Three people in Clanton, Alabama, who were threatened with jail by the private probation company when they fell behind on fines from traffic violations or other misdemeanor citations, have resolved their claims against Judicial Correction Services (JCS).
The settlement stems from the SPLC’s federal lawsuit, filed in March 2015, that accused JCS of violating federal racketeering laws by extorting monthly payments from probationers. The terms of the agreement are confidential.
“JCS is no longer doing business in the state of Alabama because cities recognized that its predatory, illegal practices had no place in their courts," said Sara Zampierin, SPLC senior staff attorney. "Unfortunately, some local governments continue to contract with private probation companies. We urge officials to ensure their court systems do not allow private companies to prey on those who can least afford it.”
The city of Clanton in 2009 contracted with JCS to collect payments from people who could not afford to pay fines and fees levied by the city court. Those unable to pay were placed on “pay-only probation,” the sole purpose of which was the collection of court debt. Each offender had to pay JCS a $10 “set-up” fee, then appear in a JCS office at least once a month to pay $145. Out of that monthly payment, $40 went to JCS for its profits. When people fell behind on their payments, JCS continued to collect its fee and required people to report more frequently in order to demand the money, effectively extending people’s probation and guaranteeing JCS more money.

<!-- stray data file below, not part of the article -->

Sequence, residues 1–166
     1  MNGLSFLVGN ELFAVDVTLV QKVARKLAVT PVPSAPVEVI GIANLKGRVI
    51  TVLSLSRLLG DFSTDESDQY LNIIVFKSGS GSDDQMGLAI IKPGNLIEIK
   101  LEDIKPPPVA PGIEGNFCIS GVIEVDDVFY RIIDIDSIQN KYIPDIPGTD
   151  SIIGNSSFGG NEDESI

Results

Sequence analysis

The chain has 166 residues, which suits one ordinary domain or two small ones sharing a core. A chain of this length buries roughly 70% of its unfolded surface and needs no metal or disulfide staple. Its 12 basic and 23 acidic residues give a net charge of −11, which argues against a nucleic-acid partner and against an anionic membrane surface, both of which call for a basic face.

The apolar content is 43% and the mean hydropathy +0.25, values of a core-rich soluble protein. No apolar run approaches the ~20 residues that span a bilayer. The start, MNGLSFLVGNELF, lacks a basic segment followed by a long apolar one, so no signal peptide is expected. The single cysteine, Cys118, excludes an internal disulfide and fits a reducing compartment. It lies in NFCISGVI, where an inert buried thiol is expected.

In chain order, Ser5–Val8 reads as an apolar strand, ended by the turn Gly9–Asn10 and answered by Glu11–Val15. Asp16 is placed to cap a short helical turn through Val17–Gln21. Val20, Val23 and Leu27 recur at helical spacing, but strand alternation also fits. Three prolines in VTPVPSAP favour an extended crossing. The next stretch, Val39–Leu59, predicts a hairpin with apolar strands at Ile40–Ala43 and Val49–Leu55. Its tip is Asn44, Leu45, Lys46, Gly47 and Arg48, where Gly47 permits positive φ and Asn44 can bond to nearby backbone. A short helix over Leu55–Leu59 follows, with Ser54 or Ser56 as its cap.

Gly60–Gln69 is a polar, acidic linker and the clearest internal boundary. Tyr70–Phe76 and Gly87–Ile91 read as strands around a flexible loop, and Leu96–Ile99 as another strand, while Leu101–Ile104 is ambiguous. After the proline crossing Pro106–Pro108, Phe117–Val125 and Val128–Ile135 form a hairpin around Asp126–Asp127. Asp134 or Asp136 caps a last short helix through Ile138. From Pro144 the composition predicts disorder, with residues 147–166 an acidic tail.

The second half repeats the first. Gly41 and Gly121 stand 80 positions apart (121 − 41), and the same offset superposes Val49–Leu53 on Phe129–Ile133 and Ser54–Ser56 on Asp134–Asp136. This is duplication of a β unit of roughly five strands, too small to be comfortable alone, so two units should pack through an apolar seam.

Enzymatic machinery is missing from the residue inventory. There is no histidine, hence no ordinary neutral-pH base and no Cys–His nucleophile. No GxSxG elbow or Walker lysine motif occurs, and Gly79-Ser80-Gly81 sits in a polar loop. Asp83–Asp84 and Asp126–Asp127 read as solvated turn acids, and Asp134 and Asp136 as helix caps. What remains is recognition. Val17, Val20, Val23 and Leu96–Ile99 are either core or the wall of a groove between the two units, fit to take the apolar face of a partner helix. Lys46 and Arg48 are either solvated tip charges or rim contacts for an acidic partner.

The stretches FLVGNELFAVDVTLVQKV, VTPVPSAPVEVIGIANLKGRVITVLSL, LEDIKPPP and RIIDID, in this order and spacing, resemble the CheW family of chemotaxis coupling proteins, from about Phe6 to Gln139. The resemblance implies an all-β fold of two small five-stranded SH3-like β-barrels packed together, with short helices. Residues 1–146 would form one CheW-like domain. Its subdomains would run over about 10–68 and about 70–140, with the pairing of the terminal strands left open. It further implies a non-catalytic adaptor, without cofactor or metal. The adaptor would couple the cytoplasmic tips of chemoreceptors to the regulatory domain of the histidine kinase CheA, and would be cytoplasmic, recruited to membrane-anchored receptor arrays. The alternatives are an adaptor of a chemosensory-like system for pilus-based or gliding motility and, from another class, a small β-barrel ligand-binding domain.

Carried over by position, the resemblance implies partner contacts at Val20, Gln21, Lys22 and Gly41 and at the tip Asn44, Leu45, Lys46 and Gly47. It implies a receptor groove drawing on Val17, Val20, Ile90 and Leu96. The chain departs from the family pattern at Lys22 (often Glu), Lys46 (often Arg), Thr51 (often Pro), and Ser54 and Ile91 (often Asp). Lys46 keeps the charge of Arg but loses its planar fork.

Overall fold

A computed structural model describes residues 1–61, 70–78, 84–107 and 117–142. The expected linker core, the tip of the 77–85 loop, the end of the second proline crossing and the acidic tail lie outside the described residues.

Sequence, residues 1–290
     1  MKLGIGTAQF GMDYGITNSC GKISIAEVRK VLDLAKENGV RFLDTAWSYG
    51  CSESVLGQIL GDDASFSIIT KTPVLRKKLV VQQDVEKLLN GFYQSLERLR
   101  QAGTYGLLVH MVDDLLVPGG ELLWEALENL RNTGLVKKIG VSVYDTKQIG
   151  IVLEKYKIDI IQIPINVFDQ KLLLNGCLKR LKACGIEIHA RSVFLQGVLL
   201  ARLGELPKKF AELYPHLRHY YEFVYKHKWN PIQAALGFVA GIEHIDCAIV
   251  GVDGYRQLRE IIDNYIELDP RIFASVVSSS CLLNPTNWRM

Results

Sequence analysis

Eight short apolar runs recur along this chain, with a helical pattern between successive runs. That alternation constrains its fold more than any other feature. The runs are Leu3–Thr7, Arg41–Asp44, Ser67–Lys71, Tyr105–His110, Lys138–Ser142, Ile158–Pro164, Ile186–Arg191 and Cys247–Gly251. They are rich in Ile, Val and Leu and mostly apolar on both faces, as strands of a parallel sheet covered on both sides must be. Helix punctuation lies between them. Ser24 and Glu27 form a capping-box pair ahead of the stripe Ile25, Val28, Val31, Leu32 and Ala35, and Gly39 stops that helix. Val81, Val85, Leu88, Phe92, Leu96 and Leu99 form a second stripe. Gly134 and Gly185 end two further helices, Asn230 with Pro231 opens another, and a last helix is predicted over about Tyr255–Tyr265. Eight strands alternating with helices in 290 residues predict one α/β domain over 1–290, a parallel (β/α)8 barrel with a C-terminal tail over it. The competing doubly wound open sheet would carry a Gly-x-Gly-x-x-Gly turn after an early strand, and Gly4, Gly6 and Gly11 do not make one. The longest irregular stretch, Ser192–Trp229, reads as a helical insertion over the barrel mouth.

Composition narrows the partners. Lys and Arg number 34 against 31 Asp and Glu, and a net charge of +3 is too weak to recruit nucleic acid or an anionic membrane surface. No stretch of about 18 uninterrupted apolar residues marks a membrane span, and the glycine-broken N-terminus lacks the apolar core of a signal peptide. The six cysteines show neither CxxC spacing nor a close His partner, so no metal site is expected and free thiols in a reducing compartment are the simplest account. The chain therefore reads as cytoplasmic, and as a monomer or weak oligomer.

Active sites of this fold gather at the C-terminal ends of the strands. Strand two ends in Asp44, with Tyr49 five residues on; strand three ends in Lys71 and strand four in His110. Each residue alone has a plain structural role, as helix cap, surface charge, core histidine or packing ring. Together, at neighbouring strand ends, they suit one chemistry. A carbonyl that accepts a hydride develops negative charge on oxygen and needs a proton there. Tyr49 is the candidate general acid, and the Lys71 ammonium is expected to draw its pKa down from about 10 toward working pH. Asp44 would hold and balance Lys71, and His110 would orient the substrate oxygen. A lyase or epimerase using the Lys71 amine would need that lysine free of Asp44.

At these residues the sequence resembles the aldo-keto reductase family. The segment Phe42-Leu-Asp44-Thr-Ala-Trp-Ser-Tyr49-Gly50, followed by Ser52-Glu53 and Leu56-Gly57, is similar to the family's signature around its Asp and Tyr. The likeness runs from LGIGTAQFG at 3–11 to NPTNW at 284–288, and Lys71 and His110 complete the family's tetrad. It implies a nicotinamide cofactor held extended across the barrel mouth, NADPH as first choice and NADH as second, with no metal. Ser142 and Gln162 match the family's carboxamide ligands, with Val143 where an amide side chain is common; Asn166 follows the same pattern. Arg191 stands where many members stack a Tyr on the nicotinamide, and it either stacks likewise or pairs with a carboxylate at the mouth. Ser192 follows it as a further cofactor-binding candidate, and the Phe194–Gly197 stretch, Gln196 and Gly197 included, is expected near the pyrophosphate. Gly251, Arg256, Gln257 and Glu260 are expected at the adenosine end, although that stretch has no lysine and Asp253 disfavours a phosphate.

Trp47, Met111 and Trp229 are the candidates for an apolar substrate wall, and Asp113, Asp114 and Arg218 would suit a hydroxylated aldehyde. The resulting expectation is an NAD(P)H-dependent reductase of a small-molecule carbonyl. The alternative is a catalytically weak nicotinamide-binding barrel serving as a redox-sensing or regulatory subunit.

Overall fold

One plaintiff, Roxanne Reynolds, struggled to make her payments to JCS over traffic fines. Reynolds, a technician on an auto parts assembly line, was unable to work for weeks and months at a time due to her multiple sclerosis. JCS threatened to revoke her probation and send her to jail. She had already spent four days in jail for missing a court hearing, a frightening experience that almost cost Reynolds her job.
Reynolds was told by a JCS official that her medical condition was no excuse for not paying. Reynolds was terrified of being jailed, convinced that she would lose her job and the health insurance it provided. She paid off her debt of more than $1,600, in addition to more than $600 in JCS fees, after 15 months – but only by going without groceries some weeks and ignoring mounting medical bills.
Reynolds explained the depth of fear caused by JCS’ tactics, which are similar to other for-profit probation companies that prey on the poorest of the poor. “Anytime I left the JCS building, I would break down and cry,” Reynolds said. “I know I would go to jail if I couldn’t pay them. If I went to jail, I would lose my job and health insurance.”
After filing suit against JCS, the SPLC urged almost 100 municipalities to end their contracts with the company. In a letter to cities, the SPLC that warned that the contracts were illegal and JCS’s tactics can amount to extortion. More than 100 cities across the state have now canceled their contracts (see map here).